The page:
The makers’ instrument: the 1735 ‘Plowden’ violin by Guarneri ‘del Gesù’


The 1735 ‘Plowden’ violin by Guarneri ‘del Gesù’ has been talked about, pored over, and photographed time and time again, but there is still plenty more to discover about this celebrity of the violin world, as Sam Zygmuntowicz reveals in this article from 2011

Click here to purchase a poster of the 1735 Guarneri ‘del Gesù’ ‘Plowden’ violin

This article first appeared in our July 2011 issue

Discover more lutherie articles here

The ’Plowden’ Guarneri ‘del Gesù’ of 1735 is one of the most recognisable and acclaimed violins in existence. It is very much a player’s instrument: its sound is remarkably warm and seductive, and it is smoothly accepting of the bow. The Hills listed it among their top nine Guarneri instruments, and it was one of twelve selected for the ‘Violin Masterpieces of Guarneri del Gesù’ exhibition at New York’s Metropolitan Museum of Art in 1994. When examining a violin as thoroughly documented as the ‘Plowden’, it’s hard not to be just another paparazzo angling for a revealing shot. However, I feel a very personal connection with it, and I will try to discuss aspects of the instrument that are not so easily seen, using some new resources and my own experiences.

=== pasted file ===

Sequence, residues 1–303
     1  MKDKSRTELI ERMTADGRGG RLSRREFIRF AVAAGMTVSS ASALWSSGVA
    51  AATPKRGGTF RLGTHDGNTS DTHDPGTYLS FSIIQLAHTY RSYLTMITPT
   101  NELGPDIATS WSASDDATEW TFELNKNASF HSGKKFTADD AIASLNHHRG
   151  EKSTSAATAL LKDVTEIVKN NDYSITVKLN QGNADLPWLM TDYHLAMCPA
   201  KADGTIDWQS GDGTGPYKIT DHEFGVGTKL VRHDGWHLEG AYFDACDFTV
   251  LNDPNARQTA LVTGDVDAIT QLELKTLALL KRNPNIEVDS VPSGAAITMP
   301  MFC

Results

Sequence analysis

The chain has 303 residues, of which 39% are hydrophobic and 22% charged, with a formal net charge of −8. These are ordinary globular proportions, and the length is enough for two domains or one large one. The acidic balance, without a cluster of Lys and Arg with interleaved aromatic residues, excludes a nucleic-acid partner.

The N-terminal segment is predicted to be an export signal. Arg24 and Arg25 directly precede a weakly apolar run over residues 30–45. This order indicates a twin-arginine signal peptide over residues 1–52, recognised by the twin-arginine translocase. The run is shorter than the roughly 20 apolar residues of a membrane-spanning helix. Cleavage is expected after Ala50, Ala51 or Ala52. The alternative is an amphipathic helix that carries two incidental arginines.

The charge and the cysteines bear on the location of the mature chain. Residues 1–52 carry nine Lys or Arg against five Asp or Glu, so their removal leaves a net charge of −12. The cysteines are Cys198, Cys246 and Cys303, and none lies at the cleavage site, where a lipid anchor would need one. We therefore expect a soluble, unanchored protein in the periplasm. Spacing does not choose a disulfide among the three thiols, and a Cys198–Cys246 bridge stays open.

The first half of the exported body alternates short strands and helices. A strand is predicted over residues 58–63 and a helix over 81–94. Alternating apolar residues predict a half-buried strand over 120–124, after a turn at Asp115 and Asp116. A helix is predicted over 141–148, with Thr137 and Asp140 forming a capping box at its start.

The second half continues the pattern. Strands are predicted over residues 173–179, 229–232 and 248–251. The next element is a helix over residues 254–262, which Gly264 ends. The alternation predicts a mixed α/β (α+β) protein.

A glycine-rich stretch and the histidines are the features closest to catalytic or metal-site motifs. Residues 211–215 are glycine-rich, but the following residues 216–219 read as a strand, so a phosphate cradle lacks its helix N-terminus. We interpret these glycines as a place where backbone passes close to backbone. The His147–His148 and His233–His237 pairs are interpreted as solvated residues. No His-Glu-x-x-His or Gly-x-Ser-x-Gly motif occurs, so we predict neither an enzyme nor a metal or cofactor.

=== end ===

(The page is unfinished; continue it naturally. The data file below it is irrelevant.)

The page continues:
I first encountered the ‘Plowden’ in 1980 when I was an assistant in the shop of René Morel in New York. Many of the shop’s rare violins appeared faded, and frankly rather worn out, but the ‘Plowden’ was overwhelming in its vivid freshness, with intense orange–red varnish on its stunning one-piece back. As well as being a player’s instrument, it is also very much a maker’s instrument, and the tool work itself is part of the appeal – it is not over-smoothed or hidden. In stolen moments, I would try to record and absorb the details of this remarkable violin, and those first hasty tracings and measurements became the basis for much of my own making. Thirty years later, I am possibly wiser and certainly visibly older, but the ‘Plowden’ remains the same. 

Already subscribed? Please sign in

Subscribe to continue reading…

We’re delighted that you are enjoying our website. For a limited period, you can try an online subscription to The Strad completely free of charge.

  • Free 7-day trial

    Not sure about subscribing? Sign up now to read this article in full and you’ll also receive unlimited access to premium online content, including the digital edition and online archive for 7 days.

    No strings attached – we won’t ask for your card details

  • Subscribe 

    No more paywalls. To enjoy the best in-depth features and analysis from The Strad’s latest and past issues, upgrade to a subscription now. You’ll also enjoy regular issues and special supplements* and access to an online archive of issues back to 2010.


* Issues and supplements are available as both print and digital editions. Online subscribers will only receive access to the digital versions.